At the last moment, a tenor from another show was spotted eating dinner in a nearby restaurant. "He saved us," Domingo said. "It was just like in a movie."

Some ailing singers do go on, but ask that an announcement about their health be made. Some try to soldier on but end up withdrawing mid-show -- ideally, replaced by a cover, opera's version of an understudy. On rare occasions, a performer will act out a role while a colleague sings from the side of the stage.

Conlon said that in Europe, where he worked for a quarter-century, covers are rarely used. Instead, the same-day scramble for replacements is a given. "There's a rule: 'If you are going to cancel, you cancel by 12 o'clock." That system works, Conlon explained, because the proximity and number of singers make it "relatively easy to find someone suitable who can arrive in time."

The U.S., however, has fewer singers and companies and the distances separating them are greater. So, covers often are hired -- although houses such as the Metropolitan Opera in New York, which has weathered a spate of cast changes in recent years, try to bring in big-name stars when they can.

Securing a replacement doesn't always guarantee smooth sailing. While Conlon was conducting Verdi's "Don Carlo" at Covent Garden in 1979, Welsh soprano Gwyneth Jones agreed to fill in on short notice. As he was standing in the pit, Conlon recalled, an assistant started waving and making snipping motions. "I thought, 'What's he trying to tell me?' It turns out Gwyneth Jones didn't know certain music because the opera is frequently done with cuts, which is how she had sung it."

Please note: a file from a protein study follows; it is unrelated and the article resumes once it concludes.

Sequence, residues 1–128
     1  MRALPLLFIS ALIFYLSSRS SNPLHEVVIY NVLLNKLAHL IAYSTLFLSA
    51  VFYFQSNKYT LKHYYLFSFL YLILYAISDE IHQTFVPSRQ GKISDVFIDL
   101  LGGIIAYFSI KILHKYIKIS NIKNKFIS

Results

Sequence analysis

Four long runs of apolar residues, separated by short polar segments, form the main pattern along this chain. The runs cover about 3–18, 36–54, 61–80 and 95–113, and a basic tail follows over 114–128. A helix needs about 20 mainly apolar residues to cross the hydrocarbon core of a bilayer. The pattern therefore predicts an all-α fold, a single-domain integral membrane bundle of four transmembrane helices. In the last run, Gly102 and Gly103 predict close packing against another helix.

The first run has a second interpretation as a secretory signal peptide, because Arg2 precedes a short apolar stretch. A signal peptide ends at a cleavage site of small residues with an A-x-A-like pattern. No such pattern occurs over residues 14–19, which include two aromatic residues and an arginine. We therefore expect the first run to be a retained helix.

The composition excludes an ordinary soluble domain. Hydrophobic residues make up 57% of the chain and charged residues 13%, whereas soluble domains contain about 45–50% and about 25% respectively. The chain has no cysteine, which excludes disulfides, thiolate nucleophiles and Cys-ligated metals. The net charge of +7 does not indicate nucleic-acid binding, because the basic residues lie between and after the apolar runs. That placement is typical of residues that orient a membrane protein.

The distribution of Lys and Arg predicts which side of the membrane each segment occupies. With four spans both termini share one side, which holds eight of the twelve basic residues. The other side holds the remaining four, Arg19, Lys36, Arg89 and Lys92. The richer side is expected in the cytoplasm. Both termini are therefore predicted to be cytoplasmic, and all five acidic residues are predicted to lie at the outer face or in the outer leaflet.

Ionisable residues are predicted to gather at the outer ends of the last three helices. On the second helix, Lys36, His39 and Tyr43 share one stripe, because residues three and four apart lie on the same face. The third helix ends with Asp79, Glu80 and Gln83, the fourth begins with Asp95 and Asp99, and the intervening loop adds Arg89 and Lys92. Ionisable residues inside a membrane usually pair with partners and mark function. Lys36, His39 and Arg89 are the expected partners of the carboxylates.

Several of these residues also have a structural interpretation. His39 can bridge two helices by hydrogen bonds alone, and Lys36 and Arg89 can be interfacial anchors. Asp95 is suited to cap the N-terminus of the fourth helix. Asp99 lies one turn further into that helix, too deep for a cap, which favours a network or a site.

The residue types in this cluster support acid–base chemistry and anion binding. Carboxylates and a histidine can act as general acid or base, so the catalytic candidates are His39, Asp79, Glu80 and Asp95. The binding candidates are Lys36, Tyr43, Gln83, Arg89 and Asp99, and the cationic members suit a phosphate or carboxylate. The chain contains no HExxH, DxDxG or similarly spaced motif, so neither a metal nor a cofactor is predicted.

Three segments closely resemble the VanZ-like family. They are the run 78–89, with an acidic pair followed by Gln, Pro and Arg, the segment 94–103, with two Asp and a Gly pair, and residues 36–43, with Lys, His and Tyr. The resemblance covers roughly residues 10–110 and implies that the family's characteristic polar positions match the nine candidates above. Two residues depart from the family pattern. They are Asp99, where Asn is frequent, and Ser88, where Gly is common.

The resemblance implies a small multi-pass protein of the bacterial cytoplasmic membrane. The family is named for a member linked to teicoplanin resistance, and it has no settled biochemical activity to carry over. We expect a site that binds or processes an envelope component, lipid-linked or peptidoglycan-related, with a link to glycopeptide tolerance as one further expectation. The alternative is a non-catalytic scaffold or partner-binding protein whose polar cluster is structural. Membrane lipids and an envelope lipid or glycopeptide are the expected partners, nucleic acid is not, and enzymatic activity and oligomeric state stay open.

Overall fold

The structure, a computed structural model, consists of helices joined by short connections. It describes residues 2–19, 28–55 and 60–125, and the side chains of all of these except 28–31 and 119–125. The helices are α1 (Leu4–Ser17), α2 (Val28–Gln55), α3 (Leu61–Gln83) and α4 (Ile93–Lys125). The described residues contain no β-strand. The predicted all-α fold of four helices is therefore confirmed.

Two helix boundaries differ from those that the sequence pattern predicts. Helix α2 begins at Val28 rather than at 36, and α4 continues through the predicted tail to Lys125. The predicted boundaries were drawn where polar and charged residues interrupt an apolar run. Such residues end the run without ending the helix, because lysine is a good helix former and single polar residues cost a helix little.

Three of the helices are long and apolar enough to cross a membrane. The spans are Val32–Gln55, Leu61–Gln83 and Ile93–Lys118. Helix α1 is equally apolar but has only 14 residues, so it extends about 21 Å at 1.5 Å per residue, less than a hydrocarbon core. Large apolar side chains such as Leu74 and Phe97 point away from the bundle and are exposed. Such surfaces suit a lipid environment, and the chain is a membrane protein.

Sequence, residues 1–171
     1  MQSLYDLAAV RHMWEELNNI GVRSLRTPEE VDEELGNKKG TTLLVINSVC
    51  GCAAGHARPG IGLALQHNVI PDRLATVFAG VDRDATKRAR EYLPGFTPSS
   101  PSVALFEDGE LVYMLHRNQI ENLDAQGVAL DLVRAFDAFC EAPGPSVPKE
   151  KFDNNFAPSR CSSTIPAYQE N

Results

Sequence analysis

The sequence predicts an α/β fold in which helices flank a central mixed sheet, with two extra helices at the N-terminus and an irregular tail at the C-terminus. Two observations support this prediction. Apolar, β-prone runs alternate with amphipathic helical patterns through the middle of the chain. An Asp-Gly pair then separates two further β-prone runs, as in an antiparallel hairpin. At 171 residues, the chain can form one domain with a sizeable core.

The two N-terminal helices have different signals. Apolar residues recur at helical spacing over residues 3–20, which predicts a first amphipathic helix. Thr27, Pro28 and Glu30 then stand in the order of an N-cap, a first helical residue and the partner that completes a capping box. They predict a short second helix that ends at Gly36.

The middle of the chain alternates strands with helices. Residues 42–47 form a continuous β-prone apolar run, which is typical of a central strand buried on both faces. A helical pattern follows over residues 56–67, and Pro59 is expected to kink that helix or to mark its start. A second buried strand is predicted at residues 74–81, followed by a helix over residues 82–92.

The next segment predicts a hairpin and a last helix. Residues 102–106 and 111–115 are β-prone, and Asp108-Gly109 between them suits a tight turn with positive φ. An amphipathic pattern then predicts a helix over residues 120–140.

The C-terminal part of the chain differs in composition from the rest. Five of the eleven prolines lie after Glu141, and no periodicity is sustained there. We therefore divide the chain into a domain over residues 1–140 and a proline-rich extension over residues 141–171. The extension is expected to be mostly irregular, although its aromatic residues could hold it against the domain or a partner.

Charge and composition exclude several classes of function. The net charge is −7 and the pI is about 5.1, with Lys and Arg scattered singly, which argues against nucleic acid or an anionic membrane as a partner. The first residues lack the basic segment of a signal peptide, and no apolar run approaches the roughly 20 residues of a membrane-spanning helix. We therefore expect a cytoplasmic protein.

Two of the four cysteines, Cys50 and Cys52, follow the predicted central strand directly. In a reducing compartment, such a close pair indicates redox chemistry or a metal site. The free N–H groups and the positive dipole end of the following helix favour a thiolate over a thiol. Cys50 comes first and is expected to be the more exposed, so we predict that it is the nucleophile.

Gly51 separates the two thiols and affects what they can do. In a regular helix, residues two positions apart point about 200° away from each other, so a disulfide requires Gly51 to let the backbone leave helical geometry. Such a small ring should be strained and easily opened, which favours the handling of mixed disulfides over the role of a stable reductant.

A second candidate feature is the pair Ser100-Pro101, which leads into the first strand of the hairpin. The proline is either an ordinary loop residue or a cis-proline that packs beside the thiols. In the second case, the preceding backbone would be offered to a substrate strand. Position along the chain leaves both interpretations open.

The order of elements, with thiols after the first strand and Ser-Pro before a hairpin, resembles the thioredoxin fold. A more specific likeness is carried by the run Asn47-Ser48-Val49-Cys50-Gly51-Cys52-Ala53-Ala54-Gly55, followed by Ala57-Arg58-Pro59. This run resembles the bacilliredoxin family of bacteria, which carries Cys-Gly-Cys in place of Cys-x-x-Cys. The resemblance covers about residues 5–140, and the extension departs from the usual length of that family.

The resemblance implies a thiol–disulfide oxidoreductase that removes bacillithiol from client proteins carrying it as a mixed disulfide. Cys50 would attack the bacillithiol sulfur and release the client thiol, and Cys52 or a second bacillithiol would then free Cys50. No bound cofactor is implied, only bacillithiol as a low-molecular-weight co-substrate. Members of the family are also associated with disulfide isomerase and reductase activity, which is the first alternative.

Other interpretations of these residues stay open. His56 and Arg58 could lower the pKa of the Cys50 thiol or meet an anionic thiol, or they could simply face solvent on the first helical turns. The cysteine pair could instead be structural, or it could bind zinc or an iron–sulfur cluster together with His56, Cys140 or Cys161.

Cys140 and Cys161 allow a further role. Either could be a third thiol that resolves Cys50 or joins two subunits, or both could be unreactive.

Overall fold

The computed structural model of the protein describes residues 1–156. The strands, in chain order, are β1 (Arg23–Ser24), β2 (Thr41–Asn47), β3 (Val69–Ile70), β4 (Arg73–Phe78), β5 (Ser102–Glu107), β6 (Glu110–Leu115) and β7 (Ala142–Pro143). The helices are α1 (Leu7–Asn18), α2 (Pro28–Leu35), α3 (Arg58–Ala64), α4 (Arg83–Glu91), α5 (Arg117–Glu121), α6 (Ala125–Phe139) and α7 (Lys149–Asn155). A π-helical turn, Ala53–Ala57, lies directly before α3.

Word finally reached the orchestra, specifying the first trim. "I was conducting from memory, so I'm thinking, 'Where was that exactly?' " Other cuts followed. "I did that all night, but it was an amazing experience."

With "L'Elisir," Villazon's medical problems arose early enough for L.A. Opera to find a quality replacement in Italian tenor Giuseppe Filianoti, said Christopher Koelsch, vice president of artistic planning.

Raimondi's departure was announced within two weeks of opening night. "We were fortunate in that we had a strong cover, [Italian baritone] Giorgio Caoduro, for Ruggero," Koelsch said. "We don't tend to cover all the major roles, which is not terribly great risk management but a matter of economics. But we had done it here."

Otherwise, company officials would have quickly begun consulting colleagues and artists' managers. "The operatic community is relatively small so we stay in touch regarding who can do certain roles and where they are in the world," Koelsch said.

Since Caoduro had been hired as a cover, he knew his part (Dulcamara) and arrived for the last days of rehearsals. Even so, Conlon and director Stephen Lawless had to see how a newcomer affected the dynamics of the cast.

"Roles take on the qualities of the occupant," Koelsch said. "It will be interesting to find out how things are transformed" -- given the differences in ages and styles between Raimondi, 67, and Caoduro, 28.

While losing someone of Raimondi's stature leaves a shadow, Conlon said, it's helpful that Caoduro already knows several of his new colleagues. "It lets us keep the wonderful atmosphere we have, which is important in comic opera because you want the joy of playing off each other."

"Every combination of singers creates a different chemistry," Conlon said. "We are creating a new balance, a new chemistry right now."